Definitions
from Wiktionary, Creative Commons Attribution/ShareAlike License
 adj. Of or relating to certain systems that, given enough time, will eventually return to previously experienced state.
 adj. Of or relating to a process in which every sequence or sample of sufficient size is equally representative of the whole.
from WordNet 3.0 Copyright 2006 by Princeton University. All rights reserved.
 adj. positive recurrent aperiodic state of stochastic systems; tending in probability to a limiting form that is independent of the initial conditions
Etymologies
Examples

The Ehrenfests (1912) paper was the first to recognize these questions, and to provide a partial answer: Assuming a certain hypothesis of Boltzmann's, which they dubbed the ergodic hypothesis, they pointed out that for an isolated system the microcanonical distribution is the unique stationary probability distribution.

That this was so became known as the ergodic hypothesis.

A good proof is a key that can unlock understanding, but this proof was long and complicated and used a difficult branch of math called ergodic theory.
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Paul Samuelson once went so far as to argue that economics must surrender its pretensions to science if it cannot assume the economy is "ergodic", which is a fancy way of saying that Fortune's wheel will spin tomorrow much as it did today (and that tomorrow's turn of the wheel is independent of today's).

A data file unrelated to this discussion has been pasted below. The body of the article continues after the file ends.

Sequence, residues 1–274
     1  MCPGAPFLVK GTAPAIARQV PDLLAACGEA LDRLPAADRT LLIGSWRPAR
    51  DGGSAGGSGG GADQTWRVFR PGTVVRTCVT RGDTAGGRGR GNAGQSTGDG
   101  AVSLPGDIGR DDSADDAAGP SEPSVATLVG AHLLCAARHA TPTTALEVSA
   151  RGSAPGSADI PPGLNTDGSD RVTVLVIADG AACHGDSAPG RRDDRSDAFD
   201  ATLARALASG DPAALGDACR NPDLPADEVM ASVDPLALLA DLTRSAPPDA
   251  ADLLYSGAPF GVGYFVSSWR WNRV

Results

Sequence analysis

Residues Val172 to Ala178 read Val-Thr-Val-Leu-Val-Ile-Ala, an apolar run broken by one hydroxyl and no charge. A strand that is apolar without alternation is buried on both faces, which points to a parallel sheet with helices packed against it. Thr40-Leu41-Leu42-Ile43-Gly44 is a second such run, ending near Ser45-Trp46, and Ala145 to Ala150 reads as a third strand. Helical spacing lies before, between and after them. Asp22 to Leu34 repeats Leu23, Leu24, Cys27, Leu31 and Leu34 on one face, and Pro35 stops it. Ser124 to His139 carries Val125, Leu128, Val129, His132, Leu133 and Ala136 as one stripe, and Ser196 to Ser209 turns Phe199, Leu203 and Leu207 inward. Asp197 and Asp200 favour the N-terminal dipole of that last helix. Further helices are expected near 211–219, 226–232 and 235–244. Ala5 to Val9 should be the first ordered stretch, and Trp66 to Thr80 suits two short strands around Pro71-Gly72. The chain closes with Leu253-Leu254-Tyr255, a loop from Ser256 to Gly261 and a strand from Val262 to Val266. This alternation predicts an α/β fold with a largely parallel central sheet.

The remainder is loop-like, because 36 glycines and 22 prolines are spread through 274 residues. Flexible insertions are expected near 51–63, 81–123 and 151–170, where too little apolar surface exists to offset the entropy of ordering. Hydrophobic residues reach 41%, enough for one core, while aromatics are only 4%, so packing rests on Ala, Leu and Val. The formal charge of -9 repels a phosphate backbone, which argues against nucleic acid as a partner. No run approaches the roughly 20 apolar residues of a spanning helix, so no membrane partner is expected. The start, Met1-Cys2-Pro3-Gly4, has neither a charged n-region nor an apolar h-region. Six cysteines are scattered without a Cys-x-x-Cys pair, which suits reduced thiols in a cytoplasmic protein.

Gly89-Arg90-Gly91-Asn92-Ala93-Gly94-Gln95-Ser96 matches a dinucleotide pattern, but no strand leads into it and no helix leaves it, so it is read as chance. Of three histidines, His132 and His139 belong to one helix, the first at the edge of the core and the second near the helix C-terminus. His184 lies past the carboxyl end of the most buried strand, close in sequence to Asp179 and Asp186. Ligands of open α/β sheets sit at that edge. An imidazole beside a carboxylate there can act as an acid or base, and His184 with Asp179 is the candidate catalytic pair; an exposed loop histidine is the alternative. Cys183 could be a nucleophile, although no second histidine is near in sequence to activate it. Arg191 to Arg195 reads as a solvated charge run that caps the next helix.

It is my understanding that not only are the planetary orbits chaotic, they are nonergodic too.

Borrowing from JHorror films like Ring (1998) and Pulse (2001) as well as ergodic works such as Danieleweski's House of Leaves (2000) it uses emails, blog posts, chat logs, press releases and transcribed interviews to tell the story of a baroquely shot 1920s snuff film that manages to escape its original medium.
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One approach to deriving the kinetic equations relies upon work which generalizes ergodic theory.

The mathematical discipline of ergodic theory developed out of these early ideas.

But what makes you think that the consequences of the shorter timescales are ergodic?

At best, you can say “have not been proven to be ergodic either using mathematics or empirically”.
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seanahan commented on the word ergodic
I've actually studied what would be called ergodic systems, although that term wasn't use very often.
August 22, 2008
qroqqa commented on the word ergodic
Indeed, from erg "work" + hod "path", and adapted from the German Ergoden coined in a somewhat different sense by Boltzmann (1884).
August 21, 2008
milosrdenstvi commented on the word ergodic
Probably from Greek ergos work, and thus related to ergatic.
August 21, 2008
bilby commented on the word ergodic
It's almost disturbing that there are people in the world who require a word for 'positive recurrent aperiodic state of stochastic systems'.
August 21, 2008